Credibility abroad begins with credibility at home.

How can America help lead the world out of the dual crises of pandemic and economic recession if we can’t lead ourselves out of it? It’s a fair question, and it’s why last month, President Biden signed the American Rescue Plan into law.

The rescue plan is easily the largest relief package since the Great Depression.

Biden will restore full incentives for electric vehicles.”

See: Pandemic Job Losses Hitting Gen Z the HardestFind: This Is Where Your Tax Dollars Actually Go

Yellen was also asked about the plan to affirm the U.S.’ commitment to a market-determined exchange rate. She said that she believes in a strong U.S. economy that delivers good jobs with rising wages.

“I believe in market-determined exchange rates.
The value of the dollar should be determined by the markets. The U.S. does not seek a weaker currency to gain a competitive advantage, and we should oppose attempts by other countries to do so to gain commercial advantages.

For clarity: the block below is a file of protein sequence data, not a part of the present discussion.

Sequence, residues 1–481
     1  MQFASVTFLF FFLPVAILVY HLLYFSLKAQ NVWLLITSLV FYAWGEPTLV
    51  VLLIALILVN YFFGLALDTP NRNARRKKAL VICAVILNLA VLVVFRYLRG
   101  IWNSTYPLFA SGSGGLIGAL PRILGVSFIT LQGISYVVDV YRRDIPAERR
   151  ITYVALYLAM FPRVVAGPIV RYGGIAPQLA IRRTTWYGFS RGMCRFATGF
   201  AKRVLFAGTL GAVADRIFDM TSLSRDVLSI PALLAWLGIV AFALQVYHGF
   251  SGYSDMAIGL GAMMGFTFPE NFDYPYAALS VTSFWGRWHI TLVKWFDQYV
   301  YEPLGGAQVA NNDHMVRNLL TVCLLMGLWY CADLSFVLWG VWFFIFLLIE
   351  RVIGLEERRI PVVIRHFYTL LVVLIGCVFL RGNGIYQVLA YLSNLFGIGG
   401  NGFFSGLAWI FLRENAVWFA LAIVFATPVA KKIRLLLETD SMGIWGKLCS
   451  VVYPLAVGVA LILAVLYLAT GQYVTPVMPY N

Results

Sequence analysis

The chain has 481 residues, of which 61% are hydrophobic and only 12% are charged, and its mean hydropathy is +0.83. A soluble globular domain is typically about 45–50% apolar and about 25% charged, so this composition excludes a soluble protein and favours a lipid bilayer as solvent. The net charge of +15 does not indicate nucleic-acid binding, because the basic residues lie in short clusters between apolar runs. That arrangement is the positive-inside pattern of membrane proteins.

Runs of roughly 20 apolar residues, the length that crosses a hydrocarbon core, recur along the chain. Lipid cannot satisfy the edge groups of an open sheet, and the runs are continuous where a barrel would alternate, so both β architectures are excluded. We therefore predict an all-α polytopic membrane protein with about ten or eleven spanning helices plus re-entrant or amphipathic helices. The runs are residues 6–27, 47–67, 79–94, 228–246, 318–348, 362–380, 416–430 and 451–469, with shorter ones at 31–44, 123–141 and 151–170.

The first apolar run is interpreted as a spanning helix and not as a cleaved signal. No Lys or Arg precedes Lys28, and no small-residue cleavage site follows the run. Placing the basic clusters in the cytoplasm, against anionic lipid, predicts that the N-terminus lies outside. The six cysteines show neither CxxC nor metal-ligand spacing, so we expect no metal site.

Our response will not be successful if we end up just where we were before.

A personal objective of mine is to focus our international engagements on fostering full legal rights and greater economic and education opportunities for women and girls, given the clear evidence that this will support inclusive economic growth more broadly. Speaking from my own experience, we need to do better at reducing barriers for women’s economic empowerment, even unconscious ones, in nearly every country in the world, including the United States.

Finally, there are certain matters where we are in it together—where the challenges are global and no one country will be successful if it goes at it in isolation.

The most evident, immediate example is the need to address global health risks.
COVID-19 has clearly shown that pandemic responses require global cooperation.

So how do we help the poorest countries get through this crisis?